0, \dfrac{1}{2^{2^N}-1}, \ldots, \dfrac{2^{2^N}-2}{2^{2^N}-1}, 1

which minimizes the maximum distance between the value desired and the one which is actually obtained. A general solution to this problem was described by Mark Smith in his 1994 PhD thesis under the supervision of Tommaso Toffoli.

Before examining Smith’s method, let us observe that the denominator in the formula above is the 2^N-th Mersenne number. The sequence of Mersenne numbers is defined by the formula

M_n = 2^n - 1 \;\; \forall n \geq 1

In general, Mersenne number are not primes: indeed, it is a standard exercise in elementary number theory that M_m is a factor of M_n if m is a factor of n, so that a Mersenne number can be prime only if its index is prime: such condition is not sufficient, as M_{11} = 2047 = 23 \cdot 89.

Let us go back to the case N=1: we know that, in this case, given the value of the parameter p_0 we can get any of the values 0, p_0, 1-p_0, 1. To have these values coincide with 0, 1/3, 2/3, 1 it is thus sufficient to set p_0 = 1/3.

Let us now consider the case N=2. We know that, in this case, the denominator should be 2^{2^2}-1 = 15: so we are strongly tempted to set p_0 = 1/3 again, then p_1 = 1/5, which would give us p = 1/15 when f(b_0, b_1) = b_0 \wedge b_1 is the boolean AND. But how do we know that we may get the remeining values as well?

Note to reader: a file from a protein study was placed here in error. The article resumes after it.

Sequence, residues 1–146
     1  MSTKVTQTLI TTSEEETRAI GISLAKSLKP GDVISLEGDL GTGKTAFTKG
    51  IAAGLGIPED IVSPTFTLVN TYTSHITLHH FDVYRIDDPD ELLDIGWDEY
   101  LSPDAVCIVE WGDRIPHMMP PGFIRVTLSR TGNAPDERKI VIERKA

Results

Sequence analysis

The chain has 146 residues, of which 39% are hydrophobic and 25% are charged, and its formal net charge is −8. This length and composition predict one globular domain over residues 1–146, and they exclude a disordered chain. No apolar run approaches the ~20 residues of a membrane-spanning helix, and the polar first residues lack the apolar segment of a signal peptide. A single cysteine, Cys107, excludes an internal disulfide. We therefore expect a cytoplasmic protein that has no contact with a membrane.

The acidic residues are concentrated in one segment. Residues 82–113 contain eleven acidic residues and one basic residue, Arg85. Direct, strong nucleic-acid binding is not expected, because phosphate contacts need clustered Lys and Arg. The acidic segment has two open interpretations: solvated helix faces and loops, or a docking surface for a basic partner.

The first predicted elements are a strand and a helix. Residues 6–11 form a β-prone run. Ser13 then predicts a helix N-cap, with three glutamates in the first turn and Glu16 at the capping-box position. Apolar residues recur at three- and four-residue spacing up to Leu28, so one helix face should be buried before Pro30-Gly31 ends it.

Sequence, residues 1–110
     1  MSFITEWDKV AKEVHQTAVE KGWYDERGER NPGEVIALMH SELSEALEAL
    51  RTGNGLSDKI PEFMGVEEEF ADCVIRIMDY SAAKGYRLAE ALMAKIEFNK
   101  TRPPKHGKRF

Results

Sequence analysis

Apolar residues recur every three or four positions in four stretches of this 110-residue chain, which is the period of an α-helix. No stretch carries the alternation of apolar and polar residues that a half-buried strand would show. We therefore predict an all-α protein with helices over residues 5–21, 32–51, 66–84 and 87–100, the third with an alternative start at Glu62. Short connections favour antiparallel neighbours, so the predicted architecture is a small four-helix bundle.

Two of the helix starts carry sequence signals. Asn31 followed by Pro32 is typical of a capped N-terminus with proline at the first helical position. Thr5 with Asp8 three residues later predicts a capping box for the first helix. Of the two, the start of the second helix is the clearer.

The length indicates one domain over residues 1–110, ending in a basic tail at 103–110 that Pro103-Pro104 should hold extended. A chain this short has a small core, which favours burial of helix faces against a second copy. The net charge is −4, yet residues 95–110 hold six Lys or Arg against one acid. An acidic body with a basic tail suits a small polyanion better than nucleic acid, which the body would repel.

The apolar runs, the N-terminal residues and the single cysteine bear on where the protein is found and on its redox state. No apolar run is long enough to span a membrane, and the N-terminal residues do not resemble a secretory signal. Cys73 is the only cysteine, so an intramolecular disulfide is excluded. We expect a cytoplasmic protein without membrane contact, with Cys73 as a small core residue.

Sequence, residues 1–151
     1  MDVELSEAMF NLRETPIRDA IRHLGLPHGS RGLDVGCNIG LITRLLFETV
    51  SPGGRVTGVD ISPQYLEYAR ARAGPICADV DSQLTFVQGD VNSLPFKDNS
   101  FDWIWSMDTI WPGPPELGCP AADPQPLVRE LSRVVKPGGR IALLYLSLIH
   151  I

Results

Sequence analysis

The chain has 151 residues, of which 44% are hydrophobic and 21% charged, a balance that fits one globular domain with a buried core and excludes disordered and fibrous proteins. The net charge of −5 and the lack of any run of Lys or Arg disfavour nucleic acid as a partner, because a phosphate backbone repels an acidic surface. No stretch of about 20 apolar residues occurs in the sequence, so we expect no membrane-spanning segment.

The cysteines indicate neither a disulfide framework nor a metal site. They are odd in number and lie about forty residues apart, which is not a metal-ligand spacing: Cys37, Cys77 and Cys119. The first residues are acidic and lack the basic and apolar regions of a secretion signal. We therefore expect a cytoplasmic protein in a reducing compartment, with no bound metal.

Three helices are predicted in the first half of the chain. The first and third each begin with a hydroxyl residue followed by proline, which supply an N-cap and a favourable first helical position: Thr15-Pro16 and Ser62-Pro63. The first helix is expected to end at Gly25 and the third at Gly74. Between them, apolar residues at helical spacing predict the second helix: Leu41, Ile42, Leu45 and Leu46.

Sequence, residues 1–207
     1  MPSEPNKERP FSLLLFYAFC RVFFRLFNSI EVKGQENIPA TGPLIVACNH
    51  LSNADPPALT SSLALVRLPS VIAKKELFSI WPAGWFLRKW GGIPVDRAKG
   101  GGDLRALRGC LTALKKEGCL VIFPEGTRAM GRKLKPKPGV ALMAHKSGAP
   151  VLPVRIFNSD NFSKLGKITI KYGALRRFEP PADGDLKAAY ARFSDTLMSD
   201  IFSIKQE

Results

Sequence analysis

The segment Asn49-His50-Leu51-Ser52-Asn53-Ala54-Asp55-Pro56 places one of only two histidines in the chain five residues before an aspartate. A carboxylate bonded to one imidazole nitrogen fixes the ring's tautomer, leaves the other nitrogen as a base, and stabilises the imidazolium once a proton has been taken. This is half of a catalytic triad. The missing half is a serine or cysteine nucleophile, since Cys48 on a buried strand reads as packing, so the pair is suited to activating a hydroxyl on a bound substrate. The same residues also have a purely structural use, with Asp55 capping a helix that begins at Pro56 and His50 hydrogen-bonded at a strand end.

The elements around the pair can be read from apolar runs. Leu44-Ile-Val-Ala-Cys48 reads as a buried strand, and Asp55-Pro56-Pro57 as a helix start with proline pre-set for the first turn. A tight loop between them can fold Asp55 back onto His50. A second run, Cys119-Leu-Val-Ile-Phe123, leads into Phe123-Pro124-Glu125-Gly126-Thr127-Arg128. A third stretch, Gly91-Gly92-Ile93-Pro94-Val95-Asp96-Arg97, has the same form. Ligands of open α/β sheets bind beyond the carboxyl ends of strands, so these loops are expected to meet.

To prove this, let’s do a thought experiment. Suppose we have a rectangle, whose height and width are in 3:5 ratio: let us make two cuts, one on the short side at 1/3 of the heigth, the other on the long side at 1/5 of the width. The sizes of the four pieces obtained are in proportion with each other as the numbers 1 = (1)_2, 2 = (10)_2, 4 = (100)_2, and 8 = (1000)_2. But every integer number between 0 and 15 has a unique writing as a sum of one or more of the fourn numbers above: and indeed, we can also choose the output probability p with any given value of the form k/15 with k an integer between 0 and 15. To decide which function f we have to use to get probability p = n/15 for the output b, we proceed as follows:

  1. We write (n)_{10} = (b_3 b_2 b_1 b_0)_2.
  2. We choose f so that f(i) = 1-b_i for every i = 0, 1, \ldots, n-1.

For example, if we want p = 7/15, we take the function f that takes value 1 only on the pair (1,1).

To generalize to arbitrary many bits, we introduce Fermat numbers, defined by the formula

F_n = 2^{2^n} + 1 \;\; \forall n \geq 0

We easily get

F_n \cdot M_{2^n} = M_{2^{n+1}}

that is, the product of the n-th Fermat number and the 2^n-th Mersenne number is the 2^{n+1}-th Mersenne number. This leads us to

Theorem. If the probability of bit b_i is 1/F_i, then all and only the probabilites k/M_{2^{n+1}} with k between 0 and M_{2^{n+1}} can be obtained. Such arrangement is the only one that allows recovering all said probabilities in output, up to a rearrangement of the bits.

That such arrangement of probabilities for the input bits allows to obtain every possible value in the range 0, 1/M_n, \ldots, (M_n-1)/M_n, 1, is easily proven via a generalization of the reasoning we made for the case n=2. Uniqueness follows inductively from the relation M_{2^{n+1}} / M_{2^n} = F_n.